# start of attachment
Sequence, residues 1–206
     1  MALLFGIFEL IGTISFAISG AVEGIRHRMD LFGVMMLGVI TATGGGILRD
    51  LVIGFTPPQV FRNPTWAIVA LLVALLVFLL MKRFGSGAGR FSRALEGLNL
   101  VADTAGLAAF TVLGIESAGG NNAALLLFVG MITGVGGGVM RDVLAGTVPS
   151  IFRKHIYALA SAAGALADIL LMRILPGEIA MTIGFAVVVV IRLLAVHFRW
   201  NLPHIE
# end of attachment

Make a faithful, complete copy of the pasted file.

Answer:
Sequence, residues 1–206
     1  MALLFGIFEL IGTISFAISG AVEGIRHRMD LFGVMMLGVI TATGGGILRD
    51  LVIGFTPPQV FRNPTWAIVA LLVALLVFLL MKRFGSGAGR FSRALEGLNL
   101  VADTAGLAAF TVLGIESAGG NNAALLLFVG MITGVGGGVM RDVLAGTVPS
   151  IFRKHIYALA SAAGALADIL LMRILPGEIA MTIGFAVVVV IRLLAVHFRW
   201  NLPHIE